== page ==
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Rival rebel leaders from the Sudanese region of Darfur sounded a rare note of unity on Monday as they worked on a common negotiating position for the seventh round of peace talks with the government.

Minni Arcua Minnawi and Abdel Wahed Mohamed el-Nur, who both claim to be chairman of the Sudan Liberation Army (SLA), said they would put on hold infighting that has held back progress in previous rounds of peace talks in the Nigerian capital.

"I don't want to make any competition here because our people on the ground need us to remain united. Any division and the only winner is the government of Sudan," Nur told Reuters in Abuja, where the talks are due to start on Tuesday.

Minnawi, who boycotted the previous round and whose participation is seen as crucial because he commands loyalty from many fighters in the field, had a similar message.

"We are going to enter the talks with one delegation ... I came here because I hope this should be the final round," he told Reuters.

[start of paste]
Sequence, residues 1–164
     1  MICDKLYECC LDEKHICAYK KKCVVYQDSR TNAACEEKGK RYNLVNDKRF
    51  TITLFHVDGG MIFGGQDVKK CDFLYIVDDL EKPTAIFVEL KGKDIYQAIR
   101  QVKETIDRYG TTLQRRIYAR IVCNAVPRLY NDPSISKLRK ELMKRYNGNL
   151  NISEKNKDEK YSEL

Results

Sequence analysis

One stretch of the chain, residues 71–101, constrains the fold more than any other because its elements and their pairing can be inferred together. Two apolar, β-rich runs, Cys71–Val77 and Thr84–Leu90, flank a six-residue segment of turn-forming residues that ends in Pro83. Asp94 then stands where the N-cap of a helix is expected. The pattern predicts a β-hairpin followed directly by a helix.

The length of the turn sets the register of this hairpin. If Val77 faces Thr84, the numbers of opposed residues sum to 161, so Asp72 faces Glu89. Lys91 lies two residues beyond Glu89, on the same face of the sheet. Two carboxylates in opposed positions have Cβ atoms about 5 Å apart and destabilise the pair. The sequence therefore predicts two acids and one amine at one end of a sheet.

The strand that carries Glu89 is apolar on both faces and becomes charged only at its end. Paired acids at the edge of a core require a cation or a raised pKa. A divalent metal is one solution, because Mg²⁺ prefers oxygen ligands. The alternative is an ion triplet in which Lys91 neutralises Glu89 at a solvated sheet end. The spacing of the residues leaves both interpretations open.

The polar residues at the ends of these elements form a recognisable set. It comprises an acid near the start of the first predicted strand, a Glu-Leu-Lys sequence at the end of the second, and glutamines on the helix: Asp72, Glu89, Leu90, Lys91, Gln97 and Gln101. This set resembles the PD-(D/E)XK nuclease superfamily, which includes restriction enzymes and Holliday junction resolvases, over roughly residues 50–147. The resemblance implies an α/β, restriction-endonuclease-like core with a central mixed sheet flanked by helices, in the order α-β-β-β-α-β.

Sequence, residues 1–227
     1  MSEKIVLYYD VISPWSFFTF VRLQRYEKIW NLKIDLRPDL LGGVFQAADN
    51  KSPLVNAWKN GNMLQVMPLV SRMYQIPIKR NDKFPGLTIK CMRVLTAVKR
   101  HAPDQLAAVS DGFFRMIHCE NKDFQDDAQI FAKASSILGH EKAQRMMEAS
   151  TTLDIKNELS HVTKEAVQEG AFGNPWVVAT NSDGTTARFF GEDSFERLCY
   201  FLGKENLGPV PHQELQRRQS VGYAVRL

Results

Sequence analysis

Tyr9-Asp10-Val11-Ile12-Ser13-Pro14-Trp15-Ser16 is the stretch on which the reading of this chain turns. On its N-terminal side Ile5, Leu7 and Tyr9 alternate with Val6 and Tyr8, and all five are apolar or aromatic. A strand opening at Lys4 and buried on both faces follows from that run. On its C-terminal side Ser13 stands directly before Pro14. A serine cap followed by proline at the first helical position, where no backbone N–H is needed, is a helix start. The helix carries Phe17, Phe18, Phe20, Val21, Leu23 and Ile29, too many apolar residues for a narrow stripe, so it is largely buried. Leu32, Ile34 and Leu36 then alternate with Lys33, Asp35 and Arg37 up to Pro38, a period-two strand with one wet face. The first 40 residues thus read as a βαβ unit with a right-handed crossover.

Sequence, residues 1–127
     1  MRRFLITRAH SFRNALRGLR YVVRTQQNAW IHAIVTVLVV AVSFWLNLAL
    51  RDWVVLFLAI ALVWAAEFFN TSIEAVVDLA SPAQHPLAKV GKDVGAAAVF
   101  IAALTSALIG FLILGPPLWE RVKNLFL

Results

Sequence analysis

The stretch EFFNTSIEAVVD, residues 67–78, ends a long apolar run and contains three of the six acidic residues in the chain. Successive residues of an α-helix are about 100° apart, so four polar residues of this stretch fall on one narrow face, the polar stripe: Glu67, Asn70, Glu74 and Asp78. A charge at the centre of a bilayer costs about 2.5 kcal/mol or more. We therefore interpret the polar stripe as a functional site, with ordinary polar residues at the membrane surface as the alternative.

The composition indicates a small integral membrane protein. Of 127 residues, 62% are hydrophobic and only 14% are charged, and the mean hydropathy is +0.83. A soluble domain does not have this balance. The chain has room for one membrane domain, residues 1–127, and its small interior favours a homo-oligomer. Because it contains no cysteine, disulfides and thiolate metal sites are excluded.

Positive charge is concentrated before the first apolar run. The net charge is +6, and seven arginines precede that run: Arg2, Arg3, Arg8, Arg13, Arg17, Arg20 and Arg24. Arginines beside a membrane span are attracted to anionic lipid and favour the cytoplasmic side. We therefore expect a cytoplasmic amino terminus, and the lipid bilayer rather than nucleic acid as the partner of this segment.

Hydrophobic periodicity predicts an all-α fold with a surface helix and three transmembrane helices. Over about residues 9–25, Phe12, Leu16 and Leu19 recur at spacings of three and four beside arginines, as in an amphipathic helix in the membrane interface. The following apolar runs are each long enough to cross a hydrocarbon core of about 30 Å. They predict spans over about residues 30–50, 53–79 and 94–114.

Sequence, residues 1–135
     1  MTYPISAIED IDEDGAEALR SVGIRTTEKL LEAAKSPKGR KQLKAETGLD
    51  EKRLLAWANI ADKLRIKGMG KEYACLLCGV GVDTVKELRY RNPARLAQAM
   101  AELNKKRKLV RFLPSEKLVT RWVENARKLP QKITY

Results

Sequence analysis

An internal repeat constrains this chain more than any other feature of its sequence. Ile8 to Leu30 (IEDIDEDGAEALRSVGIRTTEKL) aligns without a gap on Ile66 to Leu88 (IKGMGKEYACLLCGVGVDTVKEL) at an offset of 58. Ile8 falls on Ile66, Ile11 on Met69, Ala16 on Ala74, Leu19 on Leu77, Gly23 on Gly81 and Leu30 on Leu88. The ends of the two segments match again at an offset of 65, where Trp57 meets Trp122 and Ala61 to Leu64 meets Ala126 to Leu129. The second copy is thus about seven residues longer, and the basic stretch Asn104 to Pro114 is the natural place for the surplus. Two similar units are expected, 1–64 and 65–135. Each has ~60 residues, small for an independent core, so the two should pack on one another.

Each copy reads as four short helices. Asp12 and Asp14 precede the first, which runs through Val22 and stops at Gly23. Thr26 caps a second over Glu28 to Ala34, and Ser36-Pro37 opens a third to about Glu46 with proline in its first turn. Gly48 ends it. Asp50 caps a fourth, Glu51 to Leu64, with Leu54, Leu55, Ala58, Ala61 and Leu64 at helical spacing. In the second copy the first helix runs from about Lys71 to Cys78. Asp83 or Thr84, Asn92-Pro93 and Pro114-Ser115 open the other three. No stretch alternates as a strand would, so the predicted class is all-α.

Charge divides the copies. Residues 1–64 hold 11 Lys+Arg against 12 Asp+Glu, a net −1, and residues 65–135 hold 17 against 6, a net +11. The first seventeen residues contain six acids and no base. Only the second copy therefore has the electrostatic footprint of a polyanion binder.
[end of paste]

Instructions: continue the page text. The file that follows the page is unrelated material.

The newfound quest for rebel unity also stretched to include the smaller Justice and Equality Movement (JEM), which will be part of the joint negotiating position.

"We in JEM think that the unification of these two groups (the Minnawi and Nur factions) will help the process go forward and will help us all together to achieve the goals of our people," said JEM chief negotiator Ahmed Tugod.

The rebels said they were eager to start discussing the issues of wealth-sharing, power-sharing and security that lie at the root of the Darfur conflict, which has killed tens of thousands of people and displaced more than 2 million into makeshift camps in the vast desert region.


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